Economou, Emmanouel/Marios/Lazaros and Metaxas, Theodore (2011): EU and US security policy from the cold war era to the 21st century: the institutional evolution of cfsp and the factors that determine the American military supremacy.
Download (444kB) | Preview
This article aims to clarify the main parameters that define security policy in Europe and the United States. A historical review on the principal economic, political and military agreements in these two dipoles of power is presented from the dawn of Cold War to nowadays. We also examine the institutional integration of European defense strategy from the Maastricht Treaty in 1992 to nowadays, and the crucial effects of the 11/9/2001 terroristic attack on US security policy implementation. A comparative analysis between EU and US defense capabilities is displayed mainly through the issue of their defense outlays from which we try to explain US military and geopolitical supremacy in comparison to the defense weaknesses of their European allies. The study also raises questions about the possible dangers the USA might face through their attempts to maintain their global hegemony even further than 2025/30. We conclude that the European security policy, which was strongly motivated via economic integration during Cold War era, is highly characterized by structural inefficiencies and the unwillingness of European US allies to spend more about their defense by acting as NATO free-riders, which entails the reduction of its effectiveness comparing to US defense strategy.
|Item Type:||MPRA Paper|
|Original Title:||EU and US security policy from the cold war era to the 21st century: the institutional evolution of cfsp and the factors that determine the American military supremacy|
|Keywords:||Security Policy, USA, EU, American military supremacy|
|Subjects:||F - International Economics > F5 - International Relations, National Security, and International Political Economy > F52 - National Security ; Economic Nationalism
H - Public Economics > H5 - National Government Expenditures and Related Policies > H56 - National Security and War
H - Public Economics > H7 - State and Local Government ; Intergovernmental Relations > H76 - State and Local Government: Other Expenditure Categories
|Depositing User:||THEODORE METAXAS|
|Date Deposited:||03. Sep 2012 13:49|
|Last Modified:||16. Feb 2013 00:37|
Robert D. Schulzinger, U.S Diplomacy Since 1900 (New York: Oxford University Press, 1998), 199-200.
Robert E. Hunter, The European Security and Defense Policy: NATO's Companion or Competitor? (Santa Monica: RAND Europe, National Defense Research Institute, 2000), 7-9.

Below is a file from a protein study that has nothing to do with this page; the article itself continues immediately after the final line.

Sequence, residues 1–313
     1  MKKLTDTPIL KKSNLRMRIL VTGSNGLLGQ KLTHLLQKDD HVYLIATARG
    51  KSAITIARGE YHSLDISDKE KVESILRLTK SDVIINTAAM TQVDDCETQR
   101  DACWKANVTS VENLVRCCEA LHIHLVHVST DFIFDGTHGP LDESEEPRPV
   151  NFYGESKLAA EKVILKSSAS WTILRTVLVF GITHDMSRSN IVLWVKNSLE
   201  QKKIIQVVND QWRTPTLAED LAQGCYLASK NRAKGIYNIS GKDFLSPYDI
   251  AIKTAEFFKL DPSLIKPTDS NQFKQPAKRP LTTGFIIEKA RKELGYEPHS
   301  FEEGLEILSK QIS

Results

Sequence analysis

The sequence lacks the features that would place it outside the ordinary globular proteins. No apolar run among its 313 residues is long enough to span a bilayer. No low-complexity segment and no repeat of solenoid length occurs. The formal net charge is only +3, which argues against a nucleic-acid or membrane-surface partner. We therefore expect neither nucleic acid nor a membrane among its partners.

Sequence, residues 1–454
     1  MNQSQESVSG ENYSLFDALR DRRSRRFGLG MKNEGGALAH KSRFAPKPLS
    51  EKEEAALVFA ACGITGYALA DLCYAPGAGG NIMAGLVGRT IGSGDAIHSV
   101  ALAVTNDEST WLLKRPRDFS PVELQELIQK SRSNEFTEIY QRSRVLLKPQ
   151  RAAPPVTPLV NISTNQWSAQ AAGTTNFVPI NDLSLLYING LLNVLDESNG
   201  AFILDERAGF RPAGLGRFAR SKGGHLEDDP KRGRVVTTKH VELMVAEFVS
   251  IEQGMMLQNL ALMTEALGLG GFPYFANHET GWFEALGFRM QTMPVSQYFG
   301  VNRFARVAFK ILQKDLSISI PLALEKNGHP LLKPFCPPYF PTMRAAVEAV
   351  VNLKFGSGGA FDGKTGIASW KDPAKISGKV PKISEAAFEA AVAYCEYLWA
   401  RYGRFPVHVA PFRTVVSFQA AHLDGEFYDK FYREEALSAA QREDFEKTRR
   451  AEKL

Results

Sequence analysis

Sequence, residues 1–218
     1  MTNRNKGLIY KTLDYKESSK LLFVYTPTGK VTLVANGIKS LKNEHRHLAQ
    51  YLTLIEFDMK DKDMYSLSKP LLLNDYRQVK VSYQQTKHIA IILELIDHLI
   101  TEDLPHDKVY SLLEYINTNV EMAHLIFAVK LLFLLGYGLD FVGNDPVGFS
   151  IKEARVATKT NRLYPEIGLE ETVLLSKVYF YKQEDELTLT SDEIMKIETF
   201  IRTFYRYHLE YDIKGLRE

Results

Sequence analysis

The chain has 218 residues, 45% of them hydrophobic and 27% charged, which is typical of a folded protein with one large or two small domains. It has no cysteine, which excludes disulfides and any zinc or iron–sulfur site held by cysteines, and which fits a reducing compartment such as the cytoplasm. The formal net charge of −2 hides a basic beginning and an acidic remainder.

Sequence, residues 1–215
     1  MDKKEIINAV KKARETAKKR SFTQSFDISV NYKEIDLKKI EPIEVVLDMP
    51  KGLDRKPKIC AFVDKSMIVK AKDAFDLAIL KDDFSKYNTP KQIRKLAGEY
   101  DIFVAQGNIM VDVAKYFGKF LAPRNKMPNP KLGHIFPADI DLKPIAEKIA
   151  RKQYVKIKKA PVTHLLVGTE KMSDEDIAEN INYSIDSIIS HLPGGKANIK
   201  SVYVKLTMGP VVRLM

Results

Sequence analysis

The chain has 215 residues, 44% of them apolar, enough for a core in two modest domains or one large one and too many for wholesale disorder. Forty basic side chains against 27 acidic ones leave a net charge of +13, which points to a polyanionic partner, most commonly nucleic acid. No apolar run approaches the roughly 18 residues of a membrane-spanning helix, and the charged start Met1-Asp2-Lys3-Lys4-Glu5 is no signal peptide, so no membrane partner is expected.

Jomana Amara, “NATO Defense Expenditures: Common Goals or Diverging Interests? A Structural Analysis,” Defense And Peace Economics 19, no.6 (December 2008): 450
Seth G. Jones, “The European Union and the Security Dilemma,” Security Studies, 12, no. 3 (spring 2003): 115.
Berthold Rittberger and Iris Glockner, “The ECSC Treaty,” University of Mannheim, 17 March 2010, 1
Barry Eichengreen and Andrea Boltho, “The Economic Impact of European Integration,” Center for Economic Policy Research, Discussion Paper no. 6820 (May 2008): 5-9.
Geoffrey Owen, “Britain and the European Coal and Steel Community,” paper presented at Terni Conference on the European Coal and Steel Community, May 16-17, 2002.
Michael Creswell, “Between the Bear and the Phoenix: The United States and the European Defense Community 1950-54,” Security Studies 11, no. 4 (summer 2002): 90.
Thomas G. Patterson, On Every Front: The Making and Unmaking of the Cold War (New Work: W. W. Norton, 1992), 194.
Mike Artis and Frederick Nilson, The Economics of the European Union, Policy and Analysis, Third Edition (Oxford: Oxford University Press, 2001), 5-14.
Andreas Herberg-Rothe, Clausewitz’s Puzzle, The Political Theory of War (Oxford: Oxford University Press, 2007), 139-144.
Andrew Moravcsik, “De Gaulle and European Integration: Ηistorical Revision and Social Science Theory,” Center for European Studies, Working Paper Series 8.5 (May 1998): 41-46.
Seth G. Jones, “The European Union and the Security Dilemma,ˮ Security Studies 12, no. 3 (Spring 2003): 131-4.
Hubert Van Tuyll and Jurgen Brauer, “Colonizing Military History: A Millennial View on the Economics of War,ˮ Defense And Peace Economics, Special Issue (2002): 23-27.